detective De Jesus inspects artillery fields for dangerous
When Monique de Jesus
graduated from the Massachusetts Institute of Technology,
she assumed her future career would involve engineering, not
Sherlock Holmes-type detective work. An environmental engineer
with Malcolm Pirnie Inc., a White Plains, N.Y. engineering
firm, she is part of a team analyzing retired artillery ranges
for the U.S. Army and U.S. Navy. De Jesus and her colleagues
inspect the fields carefully in order to detect materials
that make up weapons, often metals such as lead, and their
potential to contaminate the environment.
"We have to be detectives," De
Jesus says. "We go through files, libraries, memos and talk
to veterans. Sometimes they'd just go out to a field and shoot
off ordinance. Often the information was not written down
because it was only used for a year."
Some of the ranges date back to
the Civil War. Others are now the location of civilian structures.
"I'm amazed," she says. "Some people go out in these fields
with metal detectors looking for souvenirs." The findings
will go back to Congress, which will then allocate money to
restore the land.
De Jesus' knowledge of environmental
issues put her in the middle of history two years ago. She
joined a team of engineers testing apartments around Ground
Zero for hazardous substances. The job required special air
sampling certification. "Some buildings were a total loss,"
she says. "There were serious issues of mold and asbestos.
We were down there for two months and we felt like we were
helping. The problem was not what was in the air, but what
The 24-year-old was recently recognized
by the American Society of Civil Engineers as a "New Face
of Engineering." Having earned a bachelors degree in civil
and environmental engineering in 2000 from MIT, and a masters
degree in 2001 in environmental engineering with a concentration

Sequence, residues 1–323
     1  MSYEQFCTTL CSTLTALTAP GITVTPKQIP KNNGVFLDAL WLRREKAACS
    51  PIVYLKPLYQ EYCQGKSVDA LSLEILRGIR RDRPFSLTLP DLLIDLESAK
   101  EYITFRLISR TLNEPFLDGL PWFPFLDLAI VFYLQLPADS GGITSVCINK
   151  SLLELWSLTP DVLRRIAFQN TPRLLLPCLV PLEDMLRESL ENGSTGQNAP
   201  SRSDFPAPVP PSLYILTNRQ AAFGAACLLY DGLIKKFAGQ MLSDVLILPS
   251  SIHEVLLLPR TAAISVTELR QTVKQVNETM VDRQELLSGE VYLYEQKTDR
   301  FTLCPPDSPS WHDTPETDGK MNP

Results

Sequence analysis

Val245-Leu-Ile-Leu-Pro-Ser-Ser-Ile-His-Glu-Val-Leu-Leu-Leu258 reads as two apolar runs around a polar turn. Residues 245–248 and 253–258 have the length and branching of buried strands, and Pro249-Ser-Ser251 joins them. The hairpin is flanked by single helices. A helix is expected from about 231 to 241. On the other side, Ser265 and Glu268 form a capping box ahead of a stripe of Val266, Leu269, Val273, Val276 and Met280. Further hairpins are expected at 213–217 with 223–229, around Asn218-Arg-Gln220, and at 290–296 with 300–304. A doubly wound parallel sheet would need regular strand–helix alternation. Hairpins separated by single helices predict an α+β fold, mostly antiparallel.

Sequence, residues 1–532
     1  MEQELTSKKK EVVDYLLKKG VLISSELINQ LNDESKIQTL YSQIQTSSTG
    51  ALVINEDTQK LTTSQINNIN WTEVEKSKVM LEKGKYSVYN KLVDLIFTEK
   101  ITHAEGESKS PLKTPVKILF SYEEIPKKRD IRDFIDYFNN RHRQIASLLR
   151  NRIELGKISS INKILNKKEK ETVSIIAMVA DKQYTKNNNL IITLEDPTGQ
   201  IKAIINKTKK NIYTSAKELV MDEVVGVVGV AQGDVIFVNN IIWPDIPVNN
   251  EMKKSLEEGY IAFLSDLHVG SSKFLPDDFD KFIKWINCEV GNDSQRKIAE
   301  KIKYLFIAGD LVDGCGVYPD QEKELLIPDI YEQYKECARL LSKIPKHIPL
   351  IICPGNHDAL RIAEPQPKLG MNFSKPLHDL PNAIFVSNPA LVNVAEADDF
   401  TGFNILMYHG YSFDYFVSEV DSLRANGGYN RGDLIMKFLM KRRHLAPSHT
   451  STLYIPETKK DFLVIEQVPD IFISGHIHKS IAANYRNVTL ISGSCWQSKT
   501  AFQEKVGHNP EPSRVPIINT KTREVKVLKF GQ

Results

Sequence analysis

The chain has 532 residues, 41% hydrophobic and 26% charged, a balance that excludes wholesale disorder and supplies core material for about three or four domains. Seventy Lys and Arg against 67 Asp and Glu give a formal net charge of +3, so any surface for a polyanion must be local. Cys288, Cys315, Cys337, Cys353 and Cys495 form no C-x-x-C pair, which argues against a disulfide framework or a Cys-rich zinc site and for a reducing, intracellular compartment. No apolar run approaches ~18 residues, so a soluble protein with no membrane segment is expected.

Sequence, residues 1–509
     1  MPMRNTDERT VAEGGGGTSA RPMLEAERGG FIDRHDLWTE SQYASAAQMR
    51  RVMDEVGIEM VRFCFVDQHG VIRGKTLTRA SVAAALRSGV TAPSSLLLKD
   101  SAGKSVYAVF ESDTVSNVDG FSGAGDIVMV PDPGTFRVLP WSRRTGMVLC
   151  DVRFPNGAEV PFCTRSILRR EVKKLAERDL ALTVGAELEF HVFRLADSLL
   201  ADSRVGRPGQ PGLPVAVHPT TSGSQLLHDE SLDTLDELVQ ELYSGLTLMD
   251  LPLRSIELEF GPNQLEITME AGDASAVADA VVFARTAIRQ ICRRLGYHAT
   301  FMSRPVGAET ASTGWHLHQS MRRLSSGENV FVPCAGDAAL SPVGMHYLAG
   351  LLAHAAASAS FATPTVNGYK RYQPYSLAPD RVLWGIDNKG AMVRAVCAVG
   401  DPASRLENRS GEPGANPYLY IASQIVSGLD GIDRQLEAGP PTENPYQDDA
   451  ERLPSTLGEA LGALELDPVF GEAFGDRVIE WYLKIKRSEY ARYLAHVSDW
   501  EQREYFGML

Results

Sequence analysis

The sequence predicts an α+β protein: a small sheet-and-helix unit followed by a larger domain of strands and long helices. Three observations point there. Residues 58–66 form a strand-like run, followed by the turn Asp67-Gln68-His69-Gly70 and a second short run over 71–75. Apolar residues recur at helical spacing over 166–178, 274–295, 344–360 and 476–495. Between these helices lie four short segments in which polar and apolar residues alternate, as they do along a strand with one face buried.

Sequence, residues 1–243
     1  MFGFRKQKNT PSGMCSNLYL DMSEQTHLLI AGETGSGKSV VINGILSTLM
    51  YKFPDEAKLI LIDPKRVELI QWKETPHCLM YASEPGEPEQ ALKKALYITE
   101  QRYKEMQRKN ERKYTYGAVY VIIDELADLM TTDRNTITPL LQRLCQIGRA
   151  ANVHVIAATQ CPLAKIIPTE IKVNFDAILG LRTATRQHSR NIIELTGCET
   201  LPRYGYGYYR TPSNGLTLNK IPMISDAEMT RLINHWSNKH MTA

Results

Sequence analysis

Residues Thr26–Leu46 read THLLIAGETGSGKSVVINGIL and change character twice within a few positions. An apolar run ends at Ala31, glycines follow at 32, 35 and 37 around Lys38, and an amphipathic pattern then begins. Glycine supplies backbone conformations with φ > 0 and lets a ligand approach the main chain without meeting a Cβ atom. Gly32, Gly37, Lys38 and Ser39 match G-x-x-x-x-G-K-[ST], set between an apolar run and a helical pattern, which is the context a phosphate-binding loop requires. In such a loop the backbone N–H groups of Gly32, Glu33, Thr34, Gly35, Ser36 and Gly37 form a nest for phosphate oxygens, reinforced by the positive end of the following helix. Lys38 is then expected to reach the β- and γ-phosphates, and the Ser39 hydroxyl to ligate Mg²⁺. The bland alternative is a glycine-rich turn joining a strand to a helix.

in water chemistry, de Jesus was recognized not just for her
professional successes, but her personal ones as well, says
Norida Torriente, ASCE spokesman. "The program is designed
to show and inspire young people and showcase rising stars,"
she says. "Monique represents the new opportunities available
De Jesus is a native of Puerto
Rico and graduated from an all-girls school there when she
was 18. "In high school, math and science were my favorite
subjects, so I got interested in engineering," she says, adding
that she followed in a cousin's footsteps by attending MIT
where she pursued engineering.
"I fell into environmental engineering,"
de Jesus says. "I went into chemical engineering at first.
No one liked chemical engineering though. I had a friend in
environmental engineering, so I took it and there were a lot
of female professors leading normal lives and making a difference."
While at MIT, de Jesus helped recruit
Hispanics to the college, as well as women. "I think people
are realizing its not a male-female world," she says. "Things
are open to everyone." During college, de Jesus interned for
Malcolm Pirnie. That internship turned into the job she holds
Her boss John Logigian, an associate
in the hazardous waste group, says she has a good combination
of technical prowess and personality. "She's stellar, very
enthusiastic," he says. "She is young and bright. Nothing
daunts her. Nothing phases her."
De Jesus says that the unpredictability
of her job keeps her interested in it. "I stayed in engineering
because you never do the same thing twice," she says. "You
have to tweak. You think you know what you're doing and you
get thrown a curve ball."